Quad Brian Johnston made sandblasting and spraypainting possible with this gizmo.
“After some thinking and trial and error, I cut a flat piece of 1-inch steel with the torch, drilled a hole in it and ran a threaded metal rod through the hole to hit the sprayer button. I bent the piece of steel a couple times — once so I could clamp it to the can and another for the trigger mechanism. Then I bent the threaded rod, welded a washer to it and put a spring between two nuts on the metal rod to the trigger. I attached it to a spray can with a hose clamp. Then I could use my hand brace and spray.”
Got all that? Me neither. Once you see a photo or two of the final product, it all begins to make sense.
“It works for anything that sprays — paint, WD-40, bug spray, air freshener, you name it,” he says. He even made one for a fire extinguisher.
Nothing stops this guy. When he tired of repairing his hand brace, he simply made a replacement built to last.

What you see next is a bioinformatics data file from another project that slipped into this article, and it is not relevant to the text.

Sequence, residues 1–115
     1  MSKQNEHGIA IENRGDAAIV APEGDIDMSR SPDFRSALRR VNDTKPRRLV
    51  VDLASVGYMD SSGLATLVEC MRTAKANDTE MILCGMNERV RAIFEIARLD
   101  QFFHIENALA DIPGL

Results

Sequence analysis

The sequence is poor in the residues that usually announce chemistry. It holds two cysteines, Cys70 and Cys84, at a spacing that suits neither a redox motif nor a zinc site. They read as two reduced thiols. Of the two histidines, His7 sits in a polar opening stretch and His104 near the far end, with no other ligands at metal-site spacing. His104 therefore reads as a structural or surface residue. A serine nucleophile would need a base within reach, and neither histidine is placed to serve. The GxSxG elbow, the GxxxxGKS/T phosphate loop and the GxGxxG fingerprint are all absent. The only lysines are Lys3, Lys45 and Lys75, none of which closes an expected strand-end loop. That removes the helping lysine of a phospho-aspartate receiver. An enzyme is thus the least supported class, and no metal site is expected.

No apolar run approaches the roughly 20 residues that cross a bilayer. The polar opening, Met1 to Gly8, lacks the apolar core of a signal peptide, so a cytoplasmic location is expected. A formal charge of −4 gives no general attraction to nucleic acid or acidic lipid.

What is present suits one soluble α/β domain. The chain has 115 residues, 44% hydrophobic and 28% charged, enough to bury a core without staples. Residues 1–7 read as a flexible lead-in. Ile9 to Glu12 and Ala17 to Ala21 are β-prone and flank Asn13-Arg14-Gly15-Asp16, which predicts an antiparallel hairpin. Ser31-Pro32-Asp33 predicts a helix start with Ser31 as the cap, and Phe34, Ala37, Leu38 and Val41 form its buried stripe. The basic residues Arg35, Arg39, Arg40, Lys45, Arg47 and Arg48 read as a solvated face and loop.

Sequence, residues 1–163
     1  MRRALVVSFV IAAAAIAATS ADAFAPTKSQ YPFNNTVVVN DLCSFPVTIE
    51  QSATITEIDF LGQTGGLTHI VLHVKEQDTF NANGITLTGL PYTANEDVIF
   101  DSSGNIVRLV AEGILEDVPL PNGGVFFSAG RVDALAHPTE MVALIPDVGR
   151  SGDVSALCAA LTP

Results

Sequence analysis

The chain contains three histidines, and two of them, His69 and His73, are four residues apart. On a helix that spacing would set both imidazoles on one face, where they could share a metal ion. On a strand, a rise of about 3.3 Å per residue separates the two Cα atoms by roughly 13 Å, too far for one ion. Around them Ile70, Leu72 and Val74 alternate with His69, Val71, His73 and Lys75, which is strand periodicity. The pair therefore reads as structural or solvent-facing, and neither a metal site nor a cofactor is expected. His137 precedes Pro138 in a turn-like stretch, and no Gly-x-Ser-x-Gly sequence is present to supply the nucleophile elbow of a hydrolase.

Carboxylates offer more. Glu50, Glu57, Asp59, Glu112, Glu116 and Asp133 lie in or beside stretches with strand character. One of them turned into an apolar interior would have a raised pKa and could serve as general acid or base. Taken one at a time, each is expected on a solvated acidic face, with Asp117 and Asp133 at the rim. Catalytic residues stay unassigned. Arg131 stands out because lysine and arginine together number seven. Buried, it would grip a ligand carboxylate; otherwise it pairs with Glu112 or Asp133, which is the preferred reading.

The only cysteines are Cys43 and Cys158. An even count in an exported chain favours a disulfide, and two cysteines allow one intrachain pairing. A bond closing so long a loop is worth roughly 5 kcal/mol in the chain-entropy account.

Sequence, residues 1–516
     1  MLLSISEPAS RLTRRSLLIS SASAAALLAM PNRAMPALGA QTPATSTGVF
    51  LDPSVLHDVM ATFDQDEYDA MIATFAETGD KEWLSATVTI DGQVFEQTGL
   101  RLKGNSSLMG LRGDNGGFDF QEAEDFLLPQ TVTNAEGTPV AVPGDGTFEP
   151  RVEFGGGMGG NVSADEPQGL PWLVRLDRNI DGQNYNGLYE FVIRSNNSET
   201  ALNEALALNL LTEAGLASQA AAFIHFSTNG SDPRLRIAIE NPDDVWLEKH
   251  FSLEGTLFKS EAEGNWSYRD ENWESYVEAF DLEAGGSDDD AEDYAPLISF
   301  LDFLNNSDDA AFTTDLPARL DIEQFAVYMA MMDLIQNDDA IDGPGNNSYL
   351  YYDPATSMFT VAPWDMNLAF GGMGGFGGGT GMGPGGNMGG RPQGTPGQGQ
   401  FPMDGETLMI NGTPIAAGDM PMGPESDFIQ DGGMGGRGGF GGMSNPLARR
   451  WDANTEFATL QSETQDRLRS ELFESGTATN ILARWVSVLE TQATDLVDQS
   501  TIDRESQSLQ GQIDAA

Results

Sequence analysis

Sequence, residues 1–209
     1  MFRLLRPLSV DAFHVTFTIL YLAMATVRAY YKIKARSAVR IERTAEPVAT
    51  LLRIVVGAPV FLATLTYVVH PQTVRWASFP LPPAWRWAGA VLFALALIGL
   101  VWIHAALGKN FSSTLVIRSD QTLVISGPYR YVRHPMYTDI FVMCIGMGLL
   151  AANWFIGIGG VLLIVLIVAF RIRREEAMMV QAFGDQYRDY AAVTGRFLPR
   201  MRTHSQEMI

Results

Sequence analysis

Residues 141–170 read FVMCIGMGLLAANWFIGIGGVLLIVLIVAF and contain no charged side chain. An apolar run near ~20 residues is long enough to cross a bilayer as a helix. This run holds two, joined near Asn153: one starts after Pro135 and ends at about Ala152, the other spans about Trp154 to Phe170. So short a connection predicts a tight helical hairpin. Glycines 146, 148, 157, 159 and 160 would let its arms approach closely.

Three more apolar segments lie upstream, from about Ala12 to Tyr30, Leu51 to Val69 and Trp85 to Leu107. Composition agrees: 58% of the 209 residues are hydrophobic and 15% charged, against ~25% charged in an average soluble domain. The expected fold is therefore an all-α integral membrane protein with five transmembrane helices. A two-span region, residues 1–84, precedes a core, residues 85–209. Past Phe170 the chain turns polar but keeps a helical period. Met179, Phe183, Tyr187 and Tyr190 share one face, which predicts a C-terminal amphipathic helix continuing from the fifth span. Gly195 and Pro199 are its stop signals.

The Ultimate DIY Power Assist
Johnston’s pièce de résistance is his DYI power assist. “I used E-Motion wheels for years, but they’re really heavy and I wanted to rest my arms more. I didn’t have $6,000 or $7,000 for a SmartDrive. A buddy who works for a trash collection outfit said he came across motorized Razor scooters from time to time, and he got me one. It was in pristine condition,” he recalls.
“I designed a mount and figured out a way to connect the motor to the wheel. I used a simple knob — like the volume on a stereo or a wall dimmer switch — to control the speed. The scooter was 24-volt, but when I tried it on my chair, I could go 15 mph. I don’t need to go that fast, so I rewired it for 12 volts. Now the batteries should last twice as long, and they let me get up to about 8 mph.”